“Fried Food Controversy”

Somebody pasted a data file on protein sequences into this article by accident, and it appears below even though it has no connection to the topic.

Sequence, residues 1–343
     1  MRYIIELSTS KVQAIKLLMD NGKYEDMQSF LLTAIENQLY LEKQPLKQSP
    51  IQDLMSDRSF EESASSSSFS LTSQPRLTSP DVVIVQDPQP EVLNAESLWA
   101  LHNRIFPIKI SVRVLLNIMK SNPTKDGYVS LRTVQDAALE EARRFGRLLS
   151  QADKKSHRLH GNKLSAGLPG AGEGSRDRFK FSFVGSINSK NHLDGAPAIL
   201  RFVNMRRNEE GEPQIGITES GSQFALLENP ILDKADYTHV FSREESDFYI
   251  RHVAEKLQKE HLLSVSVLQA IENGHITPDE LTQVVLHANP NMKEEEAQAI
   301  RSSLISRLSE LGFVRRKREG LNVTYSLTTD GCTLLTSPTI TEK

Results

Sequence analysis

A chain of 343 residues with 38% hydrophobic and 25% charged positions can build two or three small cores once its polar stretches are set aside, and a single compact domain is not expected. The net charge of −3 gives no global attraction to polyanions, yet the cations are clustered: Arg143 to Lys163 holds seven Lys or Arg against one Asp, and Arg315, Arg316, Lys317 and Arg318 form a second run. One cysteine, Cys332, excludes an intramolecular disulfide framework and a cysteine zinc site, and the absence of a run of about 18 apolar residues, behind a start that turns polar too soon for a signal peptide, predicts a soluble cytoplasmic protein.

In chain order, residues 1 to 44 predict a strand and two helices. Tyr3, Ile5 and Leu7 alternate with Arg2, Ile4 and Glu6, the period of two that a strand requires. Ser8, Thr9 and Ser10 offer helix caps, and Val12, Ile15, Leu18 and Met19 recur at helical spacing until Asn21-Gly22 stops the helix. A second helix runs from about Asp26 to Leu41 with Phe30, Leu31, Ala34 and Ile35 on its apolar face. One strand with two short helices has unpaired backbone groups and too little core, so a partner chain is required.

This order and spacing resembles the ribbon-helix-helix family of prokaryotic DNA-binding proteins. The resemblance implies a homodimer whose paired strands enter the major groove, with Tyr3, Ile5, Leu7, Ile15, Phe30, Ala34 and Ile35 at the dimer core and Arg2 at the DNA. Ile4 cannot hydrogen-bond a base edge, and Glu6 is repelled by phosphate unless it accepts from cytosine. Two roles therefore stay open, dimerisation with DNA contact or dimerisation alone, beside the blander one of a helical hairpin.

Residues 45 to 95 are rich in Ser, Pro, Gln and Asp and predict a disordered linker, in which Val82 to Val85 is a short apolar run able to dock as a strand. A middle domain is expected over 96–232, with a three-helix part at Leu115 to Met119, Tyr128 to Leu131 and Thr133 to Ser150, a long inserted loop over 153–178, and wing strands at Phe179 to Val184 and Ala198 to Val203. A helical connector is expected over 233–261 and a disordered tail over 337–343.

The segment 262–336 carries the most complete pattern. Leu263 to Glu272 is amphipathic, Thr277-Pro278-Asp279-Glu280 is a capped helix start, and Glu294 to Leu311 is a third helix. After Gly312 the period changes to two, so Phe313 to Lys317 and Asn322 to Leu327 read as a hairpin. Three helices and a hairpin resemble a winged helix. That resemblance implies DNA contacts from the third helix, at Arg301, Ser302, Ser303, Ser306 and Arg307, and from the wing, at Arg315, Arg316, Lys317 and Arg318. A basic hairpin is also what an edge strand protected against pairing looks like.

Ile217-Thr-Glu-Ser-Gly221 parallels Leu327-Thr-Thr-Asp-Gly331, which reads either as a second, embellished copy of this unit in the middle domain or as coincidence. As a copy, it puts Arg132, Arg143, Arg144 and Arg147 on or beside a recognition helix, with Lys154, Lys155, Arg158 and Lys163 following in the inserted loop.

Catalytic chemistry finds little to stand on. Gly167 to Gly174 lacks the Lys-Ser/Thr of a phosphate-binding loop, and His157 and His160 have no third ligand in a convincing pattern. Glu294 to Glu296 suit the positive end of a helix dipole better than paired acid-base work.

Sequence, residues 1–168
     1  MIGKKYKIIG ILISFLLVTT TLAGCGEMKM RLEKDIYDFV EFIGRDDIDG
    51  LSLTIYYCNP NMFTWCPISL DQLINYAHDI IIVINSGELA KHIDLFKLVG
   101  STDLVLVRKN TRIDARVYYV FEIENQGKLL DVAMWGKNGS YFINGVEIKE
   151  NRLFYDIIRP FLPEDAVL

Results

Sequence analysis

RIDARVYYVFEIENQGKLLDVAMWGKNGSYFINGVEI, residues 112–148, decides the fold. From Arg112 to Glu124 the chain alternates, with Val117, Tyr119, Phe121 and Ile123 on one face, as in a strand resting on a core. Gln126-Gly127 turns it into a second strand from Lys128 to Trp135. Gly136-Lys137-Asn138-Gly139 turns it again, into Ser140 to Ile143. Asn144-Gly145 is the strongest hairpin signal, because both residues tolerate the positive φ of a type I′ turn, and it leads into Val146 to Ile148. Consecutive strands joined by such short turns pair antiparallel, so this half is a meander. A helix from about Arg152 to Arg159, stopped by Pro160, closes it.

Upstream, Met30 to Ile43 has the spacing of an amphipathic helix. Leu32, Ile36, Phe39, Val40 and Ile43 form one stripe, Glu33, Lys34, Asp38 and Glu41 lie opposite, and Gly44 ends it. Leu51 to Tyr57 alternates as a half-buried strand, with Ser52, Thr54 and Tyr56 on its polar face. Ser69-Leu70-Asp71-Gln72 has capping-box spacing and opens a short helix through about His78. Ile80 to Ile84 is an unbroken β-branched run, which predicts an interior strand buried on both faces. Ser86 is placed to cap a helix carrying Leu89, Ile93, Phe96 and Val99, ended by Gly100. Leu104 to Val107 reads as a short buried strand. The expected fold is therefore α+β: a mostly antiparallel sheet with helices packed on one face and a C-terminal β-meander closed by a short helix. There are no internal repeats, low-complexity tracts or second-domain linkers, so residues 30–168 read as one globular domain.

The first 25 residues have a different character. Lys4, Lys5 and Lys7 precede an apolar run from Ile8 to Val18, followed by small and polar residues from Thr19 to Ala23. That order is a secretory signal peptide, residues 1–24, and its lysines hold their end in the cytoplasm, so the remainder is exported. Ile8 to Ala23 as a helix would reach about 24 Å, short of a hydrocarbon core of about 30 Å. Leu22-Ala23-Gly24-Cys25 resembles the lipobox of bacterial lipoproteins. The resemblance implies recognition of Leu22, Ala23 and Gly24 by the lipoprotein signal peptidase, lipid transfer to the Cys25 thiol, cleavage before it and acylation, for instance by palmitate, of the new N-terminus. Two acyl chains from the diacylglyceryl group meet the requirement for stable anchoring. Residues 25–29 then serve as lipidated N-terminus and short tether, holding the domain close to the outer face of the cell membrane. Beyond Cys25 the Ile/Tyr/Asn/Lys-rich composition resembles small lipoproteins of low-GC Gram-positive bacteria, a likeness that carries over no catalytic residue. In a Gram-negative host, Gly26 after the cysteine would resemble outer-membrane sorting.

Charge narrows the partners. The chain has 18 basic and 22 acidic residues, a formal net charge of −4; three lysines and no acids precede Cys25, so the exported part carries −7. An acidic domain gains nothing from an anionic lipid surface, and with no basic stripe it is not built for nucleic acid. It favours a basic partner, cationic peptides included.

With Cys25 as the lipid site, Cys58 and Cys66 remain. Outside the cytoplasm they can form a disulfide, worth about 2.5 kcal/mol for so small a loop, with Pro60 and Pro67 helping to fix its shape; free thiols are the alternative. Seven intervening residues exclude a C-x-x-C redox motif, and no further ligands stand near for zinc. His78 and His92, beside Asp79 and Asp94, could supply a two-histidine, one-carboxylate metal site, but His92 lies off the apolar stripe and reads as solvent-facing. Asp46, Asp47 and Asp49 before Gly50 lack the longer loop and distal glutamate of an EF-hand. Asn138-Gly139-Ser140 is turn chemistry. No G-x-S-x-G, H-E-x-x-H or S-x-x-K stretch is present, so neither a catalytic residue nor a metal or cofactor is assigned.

The best Southern dishes seem to be fried. But, some scientific studies are cautioning against too much fried food. A 2010 study found too much fried fish may contribute to the high rate of stroke in America’s “stroke belt.” Experts found, “People living in the stroke belt – including residents of North Carolina, South Carolina, Georgia, Alabama, Mississippi, Tennessee, Arkansas and Louisiana – were about 30 percent more likely to eat two or more servings of fried fish every week than those living in the rest of the country.” There is evidence that frying fish reduces their amount of omega-3 fatty acids and frying is also associated with an increase in the food’s fat and calorie content. A 2012 study, published in Annals of Neurology, has shown that older women who eat high amounts of the kind of fat found in fried foods and baked goods face a greater risk of stroke than women who eat lower fat diets. A 2019 study has shown that frequent consumption of fried foods, particularly fried chicken and fried fish/shellfish, was correlated with a higher risk of all cause and cardiovascular mortality in this study population. Total or individual consumption of fried food was not generally linked to cancer mortality. Total fried food consumption of at least one serving per day was associated with a modestly higher but not significant risk of cardiovascular mortality.